Friday, May 17, 2024

MPEG news: a report from the 145th meeting

This blog post is based on the MPEG press release and has been modified/updated here to focus on and highlight research aspects. This version of the blog post will also be posted at ACM SIGMM Records.

The 145th MPEG meeting was held online from 22-26 January 2024, and the official press release can be found here. It comprises the following highlights:
  • Latest Edition of the High Efficiency Image Format Standard Unveils Cutting-Edge Features for Enhanced Image Decoding and Annotation
  • MPEG Systems finalizes Standards supporting Interoperability Testing
  • MPEG finalizes the Third Edition of MPEG-D Dynamic Range Control
  • MPEG finalizes the Second Edition of MPEG-4 Audio Conformance
  • MPEG Genomic Coding extended to support Transport and File Format for Genomic Annotations
  • MPEG White Paper: Neural Network Coding (NNC) – Efficient Storage and Inference of Neural Networks for Multimedia Applications
This column will focus on the High Efficiency Image Format (HEIF) and interoperability testing. As usual, a brief update on MPEG-DASH et al. will be provided.

High Efficiency Image Format (HEIF)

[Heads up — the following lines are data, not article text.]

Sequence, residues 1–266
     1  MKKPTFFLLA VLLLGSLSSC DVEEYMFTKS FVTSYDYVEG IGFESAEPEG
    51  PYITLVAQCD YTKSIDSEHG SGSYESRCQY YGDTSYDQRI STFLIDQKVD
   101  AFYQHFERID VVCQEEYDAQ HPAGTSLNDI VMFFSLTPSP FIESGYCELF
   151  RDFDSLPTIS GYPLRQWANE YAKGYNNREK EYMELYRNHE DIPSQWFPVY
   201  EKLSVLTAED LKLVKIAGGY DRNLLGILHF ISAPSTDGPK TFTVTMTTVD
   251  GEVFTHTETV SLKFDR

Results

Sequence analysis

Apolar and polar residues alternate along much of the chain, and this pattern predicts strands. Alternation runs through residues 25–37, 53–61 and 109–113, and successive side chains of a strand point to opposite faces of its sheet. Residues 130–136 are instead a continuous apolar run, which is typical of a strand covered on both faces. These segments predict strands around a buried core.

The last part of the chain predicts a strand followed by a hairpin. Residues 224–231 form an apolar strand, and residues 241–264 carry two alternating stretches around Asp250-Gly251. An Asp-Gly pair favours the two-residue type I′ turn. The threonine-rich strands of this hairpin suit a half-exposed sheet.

The High Efficiency Image Format (HEIF) is a widely adopted standard in the imaging industry that continues to grow in popularity. At the 145th MPEG meeting, MPEG Systems (WG 3) ratified its third edition, which introduces exciting new features, such as progressive decoding capabilities that enhance image quality through a sequential, single-decoder instance process. With this enhancement, users can decode bitstreams in successive steps, with each phase delivering perceptible improvements in image quality compared to the preceding step. Additionally, the new edition introduces a sophisticated data structure that describes the spatial configuration of the camera and outlines the unique characteristics responsible for generating the image content. The update also includes innovative tools for annotating specific areas in diverse shapes, adding a layer of creativity and customization to image content manipulation. These annotation features cater to the diverse needs of users across various industries.